One of the problems with Keynesian spending plans is that the spending doesn’t happen in a timely fashion. Infrastructure projects especially have long lead times because they need to be designed and permitted. And most of them can count on some kind of environmental objection. So if we pass the “stimulus” plan today, how long will it be before the spending actually starts to happen? The CBO has an answer (via the WaPo):

WASHINGTON — It will take years before an infrastructure spending program proposed by President-elect Barack Obama will boost the economy, according to congressional economists.

The findings, released to lawmakers Sunday, call into question the effectiveness of congressional Democrats’ efforts to pump up the economy through old-fashioned public works projects like roads, bridges and repairs of public housing.

Less than half of the $30 billion in highway construction funds detailed by House Democrats would be released into the economy over the next four years, concludes the analysis by the Congressional Budget Office. Less than $4 billion in highway construction money would reach the economy by September 2010.

The economy has been in recession for more than a year, but many economists believe a recovery may begin by the end of 2009. That would mean that most of the infrastructure money wouldn’t hit the economy until it’s already on the mend.

The CBO analysis doesn’t cover tax cuts or efforts by Democrats to provide relief to cash-strapped state governments to help with their Medicaid bills. But it illustrates just how difficult it can be to use public investment to rush money into the economy. It usually takes bids and contracts to announce such developments, which invariably take time.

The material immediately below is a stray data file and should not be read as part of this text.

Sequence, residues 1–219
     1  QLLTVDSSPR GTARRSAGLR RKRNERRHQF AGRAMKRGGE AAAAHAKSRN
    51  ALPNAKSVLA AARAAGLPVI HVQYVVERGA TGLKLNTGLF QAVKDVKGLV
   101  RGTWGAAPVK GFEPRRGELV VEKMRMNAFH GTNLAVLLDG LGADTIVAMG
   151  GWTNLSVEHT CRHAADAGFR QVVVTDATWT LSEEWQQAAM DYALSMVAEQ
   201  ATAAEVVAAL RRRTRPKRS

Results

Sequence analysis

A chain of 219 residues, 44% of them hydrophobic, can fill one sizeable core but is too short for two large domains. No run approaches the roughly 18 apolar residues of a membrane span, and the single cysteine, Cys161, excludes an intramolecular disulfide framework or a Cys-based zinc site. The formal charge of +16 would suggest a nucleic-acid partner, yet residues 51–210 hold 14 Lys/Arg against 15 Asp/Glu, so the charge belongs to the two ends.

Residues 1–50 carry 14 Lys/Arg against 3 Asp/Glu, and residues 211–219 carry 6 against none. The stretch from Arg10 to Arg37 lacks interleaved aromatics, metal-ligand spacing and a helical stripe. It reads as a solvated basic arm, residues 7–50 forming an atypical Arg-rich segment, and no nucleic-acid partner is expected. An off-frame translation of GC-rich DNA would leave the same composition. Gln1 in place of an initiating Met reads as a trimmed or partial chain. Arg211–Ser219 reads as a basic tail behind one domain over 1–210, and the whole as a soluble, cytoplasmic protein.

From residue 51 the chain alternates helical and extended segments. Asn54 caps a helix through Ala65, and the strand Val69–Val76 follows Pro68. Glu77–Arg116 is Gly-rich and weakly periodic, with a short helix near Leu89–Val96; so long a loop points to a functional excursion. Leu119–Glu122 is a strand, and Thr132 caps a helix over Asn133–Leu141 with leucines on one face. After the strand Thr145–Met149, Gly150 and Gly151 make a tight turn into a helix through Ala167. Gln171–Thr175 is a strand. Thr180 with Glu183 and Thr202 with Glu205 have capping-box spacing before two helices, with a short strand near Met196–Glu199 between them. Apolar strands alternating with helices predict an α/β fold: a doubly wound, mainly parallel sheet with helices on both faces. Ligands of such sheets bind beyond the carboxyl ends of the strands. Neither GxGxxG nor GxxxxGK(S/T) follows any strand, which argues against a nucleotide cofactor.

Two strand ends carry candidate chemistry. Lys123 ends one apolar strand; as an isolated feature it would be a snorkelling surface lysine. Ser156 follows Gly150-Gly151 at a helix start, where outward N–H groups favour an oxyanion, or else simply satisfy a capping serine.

Overall, only $26 billion out of $274 billion in infrastructure spending would be delivered into the economy by the Sept. 30 end of the budget year, just 7 percent. Just one in seven dollars of a huge $18.5 billion investment in energy efficiency and renewable energy programs would be spent within a year and a half.

And other pieces, such as efforts to bring broadband Internet service to rural and underserved areas won’t get started in earnest for years, while just one-fourth of clean drinking water projects can be completed by October of next year.

Still, other elements of Obama’s $825 billion economic recovery plan, such as $275 billion worth of tax cuts to 95 percent of filers and a huge infusion of help for state governments, will be distributed into the economy more quickly. But Republicans are poised to attack the bill for spending too much.

The Obama transition has stressed that a combination of old and new federal investments will help the economy recover, as well as tax cuts and other steps. Obama economic advisers and their allies on Capitol Hill have sought to identify federal programs that can deliver dollars fast, like food stamps and a boost in unemployment benefits.

At the same time, defenders of brick-and-mortar projects such as federal building and school construction are poised to reap benefits from the big recovery package.

Notice that last sentence. Yes, I think those who will benefit directly from the plan can certainly be expected to defend it. That doesn’t mean its the right thing for the economy or that the rest of us should support it.

If the economy returns to growth before 2010 (and I think that it will be sooner than most expect), the Obama administration and the Democratic party will be first in line to take credit. Remember this when they do. When the economy recovers it will be despite what the politicians have done, not because of it.

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